landscape image - Tien Shan
placeholder for Tienshan trip thumbnail image
  • Fly to: Almaty Kazakhstan

  • Internal Transfer: Almaty (Kazakhstan) to Karakol (Kyrgyzstan) in minibus (9hrs 30mins)

  • Karakol, Kyrgyzstan - Inylchek (9hrs) in an Ex-Soviet off road Military Truck

  • Ex-Soviet military helicopter flight up the Inylchek glacier (35mins)

  • Visa required: Yes if British for both Kazakhstan & Kyrgyzstan

  • Currency:Tenge (Kazakhstan) & Som (Kyrgyzstan)

  • Time Zone:+6hrs GMT

  • Journal:Click here

Day 3, 21/07/08: Tien Shan

Breakfast at 9:00am - semolina with cinnamon, strangely quite a pleasant eating experience! Our guide rallied his troops & provided us with the list of food required to supplement the meals at base camp. I'm looking at the list thinking - 'this is absolutely insane, firstly the food on it isn't really suitable expedition food & secondly, there's no way anyone could consume that amount of food!' The shopping list had been prepared by Adventure Peaks & we received a wodge of Kyrgyz Som to foot the bill; let the shopping extravaganza begin!

We searched high & low for a building that resembled a supermarket - not a chance, it was quickly apparent that ex-soviet concrete buildings all have two things in common; a severe lack of windows & no individual identity! Give us a sign...a Mini-Markt...even a Tesco; with the Kyrgz written language being so very different this was going to be a very long day! Temperatures were soaring, and the intense dry heat was already at about 34 degrees. Eventually (like all good explorers) we hatch an infallible plan...we would stalk any woman carrying a bag!! So funny, as with the subtlety of a turd in a cocktail, one of us followed Old Russian women, trying to catch a glimpse at what they were carrying & where they'd come from. By total accident we managed to stumble across a 'version' of a supermarket (it'd only taken 2.5hrs!); bizarrely given away by some Kyrgyz lady carrying a 'Morrison's' carrier bag! Who'd have thought!?!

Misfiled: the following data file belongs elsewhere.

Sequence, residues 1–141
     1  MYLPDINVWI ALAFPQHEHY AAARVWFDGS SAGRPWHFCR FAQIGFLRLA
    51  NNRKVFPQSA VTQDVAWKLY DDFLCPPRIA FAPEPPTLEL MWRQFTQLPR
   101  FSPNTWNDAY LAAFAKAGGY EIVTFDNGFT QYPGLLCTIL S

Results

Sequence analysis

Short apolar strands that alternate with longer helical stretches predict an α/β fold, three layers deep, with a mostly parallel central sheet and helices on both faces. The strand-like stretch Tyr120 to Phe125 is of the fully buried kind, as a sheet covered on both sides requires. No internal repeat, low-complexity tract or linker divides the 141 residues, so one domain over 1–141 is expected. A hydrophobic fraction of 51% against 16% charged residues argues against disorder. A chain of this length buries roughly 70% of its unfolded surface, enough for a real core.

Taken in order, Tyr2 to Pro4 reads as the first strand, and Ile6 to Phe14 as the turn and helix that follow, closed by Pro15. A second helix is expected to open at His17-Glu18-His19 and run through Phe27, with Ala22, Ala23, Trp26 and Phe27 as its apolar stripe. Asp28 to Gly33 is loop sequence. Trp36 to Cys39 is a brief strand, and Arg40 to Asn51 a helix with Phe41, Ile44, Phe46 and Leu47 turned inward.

In we went armed with our shopping lists; in total we managed to fill 6 trolleys! There was only one check-out in the store & the girl looked like her world had just ended when she saw us crashing up the aisle! Some grumpy old guy joined the queue behind us, muttering under his 'eau de vodka' ridden breath...he was clearly thrilled at having to wait; he should've been thankful at least we didn't have coupons!

    The shopping list included:

  • 320 Chocolate Bars (Snickers, Mars & Picnics)
  • 160 Cereal bars
  • 100 Cake portions
  • 5 Water melons
  • 50 Oranges/apples
  • 80 Tinned food (tuna, meat, sweet-corn)

Oh & someone chucked in some salted dried fish - errrgh!

Clearly this wasn't your bulk standard expedition food & I could see no way anyone of sound mind would want to carry tinned food up a mountain; let alone a water melon! Perhaps altitude really does make you go insane; bearing in mind this food was 'merely to supplement' our meals at base camp!

Half of us went to the 'other' Adventure peaks team hotel to collect our tents, stoves etc. When we got back to our hotel we agreed that it would probably be prudent to check the kit before we headed out into the mountains. Well...bloomin' good job we did! First appearence led us to believe we had 6 tents; however what was actually in the tent bags would only make 1 full tent! The tents hadn't even been put back in sets; this therefore involved another taxi ride back to the other hotel to go through to try & make as many 'full tent sets' as possible. Finally after much negotiation we ended up with the 6 tents, though they were badly worn-out with fairly invasive rips on the outer fabric - something that would need some attention! We had 2 mountain Hardwear tents and the rest were Terra Nova Hyperspace.

The other Adventure peaks team were an interesting mix, 9 of them were there to attempt the summit of Khan Tengri. One lad; two years my senior was telling me about his time on Vinson...Denali...Everest...the list just went on & on, I could have listened to him all day; then I said, 'hmmm the problem is having to work to fund all of these trips?' To which the response was, 'Oh no, I'm a professional mountaineer!' I later asked our guide, 'How do you become a 'professional mountaineer' then?' His response...'Have very rich parents!'

We loaded the now complete tents, along with the food & stoves onto the military trucks - man they look absolutely awesome, can't quite wait to get into the mountains!